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mod_perl2 API madness

Submitted by gwolf on Thu, 05/12/2005 - 17:57
Yesterday was hellish. Apache might be the Free Software most notorious project. mod_perl is one of the best things that could happen both to the Perl and Apache communities. Apache2 is the largest Apache milestone, a major rewrite, and was declared golden almost three years ago. mod_perl, as it wraps the Apache C API and offers it to Perl, was expected to take some time to adapt to the new API and idiosincracy of this major version... Anyway, on to my life. I had some work to do on two systems I developed using mod_perl - the Comas one for Debconf and an internal project for the institute. Both stopped working on my development machine. Shit. Go to the logs - What do I find? [Wed May 11 12:04:03 2005] [error] [client] Can't locate object method "dir_config" via package "Apache2::RequestRec" at /usr/share/perl5/Apache/ line 51 Ok, this is clearly a mod_perl2 thingy... Things like this one had bitten me before, when I had to comment (and later uncomment) Apache::Upload. Oh, of course, then again some months ago, when I migrated from Apache 1.3 to Apache 2.0, when the nice mod_perl Apache2 migration wasn't really in sync with the reality... There have been a couple of episodes. After some stumbling, I came across the changelog. In my Sid system, it read:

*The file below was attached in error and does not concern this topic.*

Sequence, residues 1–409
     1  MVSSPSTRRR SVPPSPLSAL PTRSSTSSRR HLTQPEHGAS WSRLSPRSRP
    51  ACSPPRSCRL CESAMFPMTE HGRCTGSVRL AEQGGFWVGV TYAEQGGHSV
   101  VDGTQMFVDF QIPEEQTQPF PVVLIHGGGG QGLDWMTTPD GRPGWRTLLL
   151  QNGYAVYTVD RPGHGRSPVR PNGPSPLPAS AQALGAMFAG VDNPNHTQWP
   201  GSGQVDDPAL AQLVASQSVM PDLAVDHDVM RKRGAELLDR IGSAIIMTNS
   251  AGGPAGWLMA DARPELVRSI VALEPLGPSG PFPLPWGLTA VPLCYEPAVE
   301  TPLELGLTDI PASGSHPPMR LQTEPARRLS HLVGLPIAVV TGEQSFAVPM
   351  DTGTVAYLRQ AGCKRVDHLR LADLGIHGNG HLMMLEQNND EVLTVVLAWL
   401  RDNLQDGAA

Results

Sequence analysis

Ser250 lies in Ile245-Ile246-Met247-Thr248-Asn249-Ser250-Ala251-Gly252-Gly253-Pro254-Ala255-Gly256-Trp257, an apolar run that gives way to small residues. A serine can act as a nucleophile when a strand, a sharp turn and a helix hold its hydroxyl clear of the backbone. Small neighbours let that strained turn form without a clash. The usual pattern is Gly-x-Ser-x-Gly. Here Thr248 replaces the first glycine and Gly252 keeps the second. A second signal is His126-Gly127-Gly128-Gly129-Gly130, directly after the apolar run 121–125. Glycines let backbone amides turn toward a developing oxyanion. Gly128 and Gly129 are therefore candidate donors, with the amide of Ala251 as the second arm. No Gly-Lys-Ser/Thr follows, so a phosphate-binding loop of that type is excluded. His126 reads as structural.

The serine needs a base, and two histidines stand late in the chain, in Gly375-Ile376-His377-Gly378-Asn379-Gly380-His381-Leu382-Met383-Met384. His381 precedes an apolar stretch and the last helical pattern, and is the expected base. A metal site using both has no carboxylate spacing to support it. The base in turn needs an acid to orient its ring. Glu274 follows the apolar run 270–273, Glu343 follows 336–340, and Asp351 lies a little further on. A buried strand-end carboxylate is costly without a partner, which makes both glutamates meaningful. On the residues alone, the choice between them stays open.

(...) =item 1.999_22 - April 14, 2005 ******************** IMPORTANT ******************** this version of mod_perl is completely incompatible with prior versions of mod_perl, both 1.XX and 1.99_XX. Please read the below changes carefully. ***************************************************
Ok, that explains it... Although a big API change is not what I'd expect between version 1.999_21 and 1.999_22, right? The most upsetting thing is that my main development box is running Sid - And the servers I deploy on run Sarge... So I guess this means I'll have to set up a chroot environment so I can develop on my own workstation :-/ Ok, do some changes. It works on my Sarge machine, frozen at 1.999.21-1 - Everything looks fine. Send the module over to the Debconf server. Notify Apache of the changes. Reload, and... SHIT. Internal server error. I am not the machine's admin - Spend a couple of hours trying to locate the good folks in Finland, asking them to give me read access to the Apache logs. Meanwhile, try to blindly fix the problem. Of course, once I saw the log, it was obvious I couldn't have found it by myself:
(...) Can't locate object method "remote_ip" via package "Apache::Connection" at /home/gwolf/cvs/comas/perl/Apache2/ line 279
WTF?! Now, both machines are running Sarge, but Murphy couldn't just forgive me - At my machine I am running 1.999.21-1, but at Debconf's server we have 1.999.20-1 - And I couldn't get remote_ip to work. And no change regarding it is documented. Ok, fortunately I did not _really_ depend on it save for a feature I had just implemented, and was able to work around it... Anyway, it was a lost day, due to unexpected, practically not documented API changes, in what really seemed like a very minor update. For ${THAT}'s sake, a version bump of 0.000.01 for a completely incompatible version?!